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I think we’re Manicheans. And I think it originates in our rejection of creation ex nilho. Through its rejection and our insistence on individual agency, we have already made a major dent in God’s omnipotence. (Although, strictly speaking, omnipotence only means that one can do all that is logically possible to do, and it is logically impossible to make another independent agent will against their will.)

Thus, I don’t see that a Manichean perspective has any problems in Mormon theology. I also think that first 2 Nephi passage affirms it. If there must be opposition in all things, then evil must be an independently existing entity.

"The question is not why a perfect God would create a universe with so much evil in it. The question is why a perfect God would create a universe at all."

The old Platonic concept of God postulates a God who is perfect, unchanging, and wants for nothing.

Under this static view of God, there can be no change. For God, being already perfectly self-sufficient, wants for nothing, and doesn't need to create anything additional to himself. Indeed, God cannot make any alterations since that would be altering perfection.

The static Greek idea of perfection asserts that any change from "perfection" must be a change into imperfection.

So again, under the old Christian idea of God, the real mystery is not why the universe is the way it is, but that there is a universe in the first place.

Some very interesting ideas. We must realize that we can only look at it from a mortal standpoint. As far as we're concerned God is perfect. As far as the council of gods goes.?.?.? Moses 1:39 states that there is more to do. He has not yet reached his full glory and he is striving to reach it.

On Evil. I think it is independent. Yes there must be two. You have to have more then one to be independent, you have to be independent from something.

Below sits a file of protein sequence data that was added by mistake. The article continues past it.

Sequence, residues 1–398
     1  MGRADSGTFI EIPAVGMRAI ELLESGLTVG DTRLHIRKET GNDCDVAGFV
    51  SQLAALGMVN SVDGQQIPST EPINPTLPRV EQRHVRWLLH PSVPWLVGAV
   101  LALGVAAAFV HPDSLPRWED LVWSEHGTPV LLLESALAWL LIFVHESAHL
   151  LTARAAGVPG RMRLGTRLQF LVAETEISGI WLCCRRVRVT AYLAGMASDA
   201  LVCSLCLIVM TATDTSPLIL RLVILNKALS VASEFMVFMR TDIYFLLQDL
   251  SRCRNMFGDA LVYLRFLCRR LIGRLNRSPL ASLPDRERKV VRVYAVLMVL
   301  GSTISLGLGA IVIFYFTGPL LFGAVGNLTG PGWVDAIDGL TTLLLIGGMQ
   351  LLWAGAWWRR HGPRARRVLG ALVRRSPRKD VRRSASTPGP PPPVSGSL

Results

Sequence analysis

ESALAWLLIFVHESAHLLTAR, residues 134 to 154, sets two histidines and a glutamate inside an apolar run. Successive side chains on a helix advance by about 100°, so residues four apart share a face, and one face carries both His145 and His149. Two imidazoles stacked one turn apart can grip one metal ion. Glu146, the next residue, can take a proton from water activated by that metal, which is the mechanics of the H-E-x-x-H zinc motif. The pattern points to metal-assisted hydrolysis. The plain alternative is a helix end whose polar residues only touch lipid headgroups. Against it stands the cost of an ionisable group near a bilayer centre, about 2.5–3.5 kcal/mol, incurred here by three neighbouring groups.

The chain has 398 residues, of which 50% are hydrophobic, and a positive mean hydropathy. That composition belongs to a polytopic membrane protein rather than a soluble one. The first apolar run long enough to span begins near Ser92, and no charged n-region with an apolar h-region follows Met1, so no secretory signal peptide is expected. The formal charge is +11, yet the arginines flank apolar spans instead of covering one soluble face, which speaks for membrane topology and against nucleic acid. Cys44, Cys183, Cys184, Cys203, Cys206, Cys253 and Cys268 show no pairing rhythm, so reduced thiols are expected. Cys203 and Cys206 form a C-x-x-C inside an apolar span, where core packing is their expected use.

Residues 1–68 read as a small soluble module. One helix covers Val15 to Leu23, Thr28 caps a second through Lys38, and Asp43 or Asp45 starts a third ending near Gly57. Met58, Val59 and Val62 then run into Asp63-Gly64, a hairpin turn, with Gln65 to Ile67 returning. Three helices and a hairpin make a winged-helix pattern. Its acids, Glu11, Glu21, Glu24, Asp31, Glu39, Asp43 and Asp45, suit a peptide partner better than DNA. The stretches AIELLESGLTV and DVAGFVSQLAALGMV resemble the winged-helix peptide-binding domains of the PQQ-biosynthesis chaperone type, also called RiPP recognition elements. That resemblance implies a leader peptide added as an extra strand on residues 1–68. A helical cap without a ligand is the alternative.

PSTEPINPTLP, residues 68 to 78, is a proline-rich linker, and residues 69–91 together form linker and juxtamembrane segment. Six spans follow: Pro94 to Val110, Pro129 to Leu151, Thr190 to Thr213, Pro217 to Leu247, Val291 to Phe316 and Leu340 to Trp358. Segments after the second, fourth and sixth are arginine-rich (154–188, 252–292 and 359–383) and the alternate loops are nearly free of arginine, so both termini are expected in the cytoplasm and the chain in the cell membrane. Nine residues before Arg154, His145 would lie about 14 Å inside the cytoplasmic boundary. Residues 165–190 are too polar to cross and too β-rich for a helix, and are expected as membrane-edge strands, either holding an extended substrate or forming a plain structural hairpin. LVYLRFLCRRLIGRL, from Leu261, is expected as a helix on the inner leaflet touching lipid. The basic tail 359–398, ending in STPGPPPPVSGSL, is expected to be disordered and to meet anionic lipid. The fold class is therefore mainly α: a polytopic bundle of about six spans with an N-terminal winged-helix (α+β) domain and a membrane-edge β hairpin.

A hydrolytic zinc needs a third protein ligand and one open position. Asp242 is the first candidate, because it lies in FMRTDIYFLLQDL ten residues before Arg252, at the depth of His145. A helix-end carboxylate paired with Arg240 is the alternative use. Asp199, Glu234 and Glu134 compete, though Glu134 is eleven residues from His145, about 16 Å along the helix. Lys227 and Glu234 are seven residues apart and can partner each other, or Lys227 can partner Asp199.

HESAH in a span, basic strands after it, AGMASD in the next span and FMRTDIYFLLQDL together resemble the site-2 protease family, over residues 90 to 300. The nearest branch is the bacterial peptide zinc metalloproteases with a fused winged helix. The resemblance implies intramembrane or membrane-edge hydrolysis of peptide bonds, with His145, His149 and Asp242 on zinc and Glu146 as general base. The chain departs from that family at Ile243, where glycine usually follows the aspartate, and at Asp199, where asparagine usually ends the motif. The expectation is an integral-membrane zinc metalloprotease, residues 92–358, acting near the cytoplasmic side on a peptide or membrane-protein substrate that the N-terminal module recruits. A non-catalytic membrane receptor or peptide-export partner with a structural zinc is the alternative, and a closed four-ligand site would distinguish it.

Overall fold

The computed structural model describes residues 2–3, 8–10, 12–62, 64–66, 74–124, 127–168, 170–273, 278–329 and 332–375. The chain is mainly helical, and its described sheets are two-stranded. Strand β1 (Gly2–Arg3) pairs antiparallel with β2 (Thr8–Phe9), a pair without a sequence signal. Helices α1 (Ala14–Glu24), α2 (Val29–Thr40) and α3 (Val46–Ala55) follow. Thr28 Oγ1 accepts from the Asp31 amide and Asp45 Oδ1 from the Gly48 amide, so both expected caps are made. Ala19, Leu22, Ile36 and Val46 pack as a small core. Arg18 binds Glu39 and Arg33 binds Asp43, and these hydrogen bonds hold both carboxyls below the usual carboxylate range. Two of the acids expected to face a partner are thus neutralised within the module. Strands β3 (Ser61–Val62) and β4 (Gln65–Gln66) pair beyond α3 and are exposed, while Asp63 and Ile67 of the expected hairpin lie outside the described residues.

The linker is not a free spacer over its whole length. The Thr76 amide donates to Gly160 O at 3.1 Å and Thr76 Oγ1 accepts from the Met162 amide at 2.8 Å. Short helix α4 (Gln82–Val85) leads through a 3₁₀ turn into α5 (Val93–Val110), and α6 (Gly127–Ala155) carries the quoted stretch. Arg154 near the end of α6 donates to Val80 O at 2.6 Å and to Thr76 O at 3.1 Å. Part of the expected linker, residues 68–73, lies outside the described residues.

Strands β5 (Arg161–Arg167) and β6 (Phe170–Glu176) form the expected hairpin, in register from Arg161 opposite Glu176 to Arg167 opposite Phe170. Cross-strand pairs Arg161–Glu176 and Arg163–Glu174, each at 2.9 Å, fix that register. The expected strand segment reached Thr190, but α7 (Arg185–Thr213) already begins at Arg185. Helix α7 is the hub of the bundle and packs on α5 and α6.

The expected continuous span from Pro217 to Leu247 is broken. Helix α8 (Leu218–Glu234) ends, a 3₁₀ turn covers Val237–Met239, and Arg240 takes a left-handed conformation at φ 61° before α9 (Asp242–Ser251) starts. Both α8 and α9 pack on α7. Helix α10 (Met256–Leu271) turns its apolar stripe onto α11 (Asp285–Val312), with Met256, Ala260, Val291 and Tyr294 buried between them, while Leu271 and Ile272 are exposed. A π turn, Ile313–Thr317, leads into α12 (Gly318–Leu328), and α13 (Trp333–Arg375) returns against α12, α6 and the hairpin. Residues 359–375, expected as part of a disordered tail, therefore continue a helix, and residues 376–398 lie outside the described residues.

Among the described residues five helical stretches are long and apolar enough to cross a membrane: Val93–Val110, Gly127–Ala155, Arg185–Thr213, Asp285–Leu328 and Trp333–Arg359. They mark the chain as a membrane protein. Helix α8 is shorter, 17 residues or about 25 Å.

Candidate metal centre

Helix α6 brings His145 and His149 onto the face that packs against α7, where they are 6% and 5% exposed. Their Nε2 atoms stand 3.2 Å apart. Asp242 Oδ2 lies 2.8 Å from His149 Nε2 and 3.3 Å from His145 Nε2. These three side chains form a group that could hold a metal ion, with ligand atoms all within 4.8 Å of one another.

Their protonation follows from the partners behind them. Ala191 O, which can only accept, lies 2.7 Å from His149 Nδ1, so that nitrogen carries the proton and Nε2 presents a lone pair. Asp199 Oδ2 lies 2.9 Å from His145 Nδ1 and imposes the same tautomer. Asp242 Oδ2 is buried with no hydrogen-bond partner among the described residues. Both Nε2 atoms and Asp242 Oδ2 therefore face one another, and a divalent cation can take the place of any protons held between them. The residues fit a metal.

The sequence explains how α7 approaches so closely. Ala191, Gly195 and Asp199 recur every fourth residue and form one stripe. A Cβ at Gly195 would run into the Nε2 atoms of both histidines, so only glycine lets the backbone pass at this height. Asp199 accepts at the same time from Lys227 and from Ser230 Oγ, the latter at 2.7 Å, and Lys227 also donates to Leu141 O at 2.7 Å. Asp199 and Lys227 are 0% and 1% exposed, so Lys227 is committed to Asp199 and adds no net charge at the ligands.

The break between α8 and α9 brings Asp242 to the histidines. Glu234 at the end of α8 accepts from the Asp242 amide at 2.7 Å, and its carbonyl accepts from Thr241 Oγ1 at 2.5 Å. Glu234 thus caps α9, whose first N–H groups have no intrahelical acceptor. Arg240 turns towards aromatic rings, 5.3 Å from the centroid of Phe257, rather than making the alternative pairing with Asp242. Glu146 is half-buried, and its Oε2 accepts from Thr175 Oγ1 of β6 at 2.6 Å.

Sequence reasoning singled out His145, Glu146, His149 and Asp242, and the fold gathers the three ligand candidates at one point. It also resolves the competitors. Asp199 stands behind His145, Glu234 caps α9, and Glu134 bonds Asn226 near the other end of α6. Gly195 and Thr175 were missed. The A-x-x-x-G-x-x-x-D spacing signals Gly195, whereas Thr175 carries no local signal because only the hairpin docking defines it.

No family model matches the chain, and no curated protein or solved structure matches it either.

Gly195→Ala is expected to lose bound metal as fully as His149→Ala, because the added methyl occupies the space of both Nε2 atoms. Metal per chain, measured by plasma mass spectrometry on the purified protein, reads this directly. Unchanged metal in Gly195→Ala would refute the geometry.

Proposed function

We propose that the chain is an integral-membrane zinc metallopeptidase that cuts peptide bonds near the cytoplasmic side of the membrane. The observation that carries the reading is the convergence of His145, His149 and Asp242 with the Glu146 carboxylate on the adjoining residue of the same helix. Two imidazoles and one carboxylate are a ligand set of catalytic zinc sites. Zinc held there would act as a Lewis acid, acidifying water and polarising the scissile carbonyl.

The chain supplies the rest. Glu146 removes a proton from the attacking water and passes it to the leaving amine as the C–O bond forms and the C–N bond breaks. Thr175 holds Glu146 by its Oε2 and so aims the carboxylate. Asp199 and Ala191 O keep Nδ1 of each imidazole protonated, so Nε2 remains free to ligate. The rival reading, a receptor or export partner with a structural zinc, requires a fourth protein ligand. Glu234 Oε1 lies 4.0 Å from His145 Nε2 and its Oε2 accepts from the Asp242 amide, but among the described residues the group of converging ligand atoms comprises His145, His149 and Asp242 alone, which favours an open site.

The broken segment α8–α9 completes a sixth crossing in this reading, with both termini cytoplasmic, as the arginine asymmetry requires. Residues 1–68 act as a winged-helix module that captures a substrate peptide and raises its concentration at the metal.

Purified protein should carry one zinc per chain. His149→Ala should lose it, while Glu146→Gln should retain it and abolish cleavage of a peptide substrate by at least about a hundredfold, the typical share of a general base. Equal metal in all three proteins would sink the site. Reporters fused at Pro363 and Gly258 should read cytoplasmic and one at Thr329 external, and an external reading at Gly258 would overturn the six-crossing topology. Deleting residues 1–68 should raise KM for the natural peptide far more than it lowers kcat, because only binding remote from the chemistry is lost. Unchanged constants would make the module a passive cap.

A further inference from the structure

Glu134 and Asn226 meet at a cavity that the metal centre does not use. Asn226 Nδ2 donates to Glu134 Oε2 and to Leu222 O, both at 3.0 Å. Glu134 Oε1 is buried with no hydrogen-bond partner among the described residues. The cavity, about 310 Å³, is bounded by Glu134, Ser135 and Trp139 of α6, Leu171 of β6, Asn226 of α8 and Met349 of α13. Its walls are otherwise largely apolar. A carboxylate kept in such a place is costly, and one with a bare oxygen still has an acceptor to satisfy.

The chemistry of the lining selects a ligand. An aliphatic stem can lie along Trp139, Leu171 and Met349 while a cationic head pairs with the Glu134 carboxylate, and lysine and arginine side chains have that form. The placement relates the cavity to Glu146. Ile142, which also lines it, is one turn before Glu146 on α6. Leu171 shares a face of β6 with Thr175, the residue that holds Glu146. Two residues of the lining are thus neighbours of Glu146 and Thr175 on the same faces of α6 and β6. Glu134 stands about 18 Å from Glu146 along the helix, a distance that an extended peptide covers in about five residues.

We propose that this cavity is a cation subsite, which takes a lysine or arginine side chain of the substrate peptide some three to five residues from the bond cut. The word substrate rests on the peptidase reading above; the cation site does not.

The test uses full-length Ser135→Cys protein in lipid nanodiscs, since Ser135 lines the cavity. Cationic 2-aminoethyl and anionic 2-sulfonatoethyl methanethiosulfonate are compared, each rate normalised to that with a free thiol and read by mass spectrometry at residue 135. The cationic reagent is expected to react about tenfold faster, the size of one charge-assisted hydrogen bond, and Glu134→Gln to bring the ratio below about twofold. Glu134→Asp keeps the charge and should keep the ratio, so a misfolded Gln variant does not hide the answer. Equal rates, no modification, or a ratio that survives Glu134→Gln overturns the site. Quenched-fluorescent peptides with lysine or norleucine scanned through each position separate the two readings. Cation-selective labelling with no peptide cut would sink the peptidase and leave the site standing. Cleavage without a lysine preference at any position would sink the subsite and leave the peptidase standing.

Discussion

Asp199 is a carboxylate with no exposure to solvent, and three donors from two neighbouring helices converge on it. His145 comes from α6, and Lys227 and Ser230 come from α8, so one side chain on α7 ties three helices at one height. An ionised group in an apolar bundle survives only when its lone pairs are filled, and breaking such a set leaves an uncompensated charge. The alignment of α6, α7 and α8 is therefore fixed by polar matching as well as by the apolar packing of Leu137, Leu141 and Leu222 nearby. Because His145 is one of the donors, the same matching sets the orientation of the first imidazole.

Both of the cited scriptures can be read as supporting the other view as well. The difference between the Augustinian and the Manichean view seems to be minute. But sometimes small differences have tremendous consequences.

Anyways, I am not sure how useful either view is.

I agree that good and evil are implications rather than a precondition of the creation. Good and evil are not creatures, nor are they things. Hence they are nor created per se.

Good and evil emerge as soon as creatures that begin to understand the consequences of their choices.

As evil requires freedom and responsibility suffering and evil are not the same thing.

That does not let God off the hook with respect to the suffering on earth. But that question is not relevant in my life. God's responsibility for suffering is not something that I can change or that would require a change of behavior on my part. Suffering just is and we have to respond to it.

I find it interesting that Genesis, Malthus, and Darwin explain suffering the same way. Because of sex and procreation in an environment that is characterized by scarcity, we will be miserable on this earth. That irks secular and religious optimists, which does not make it any less true.

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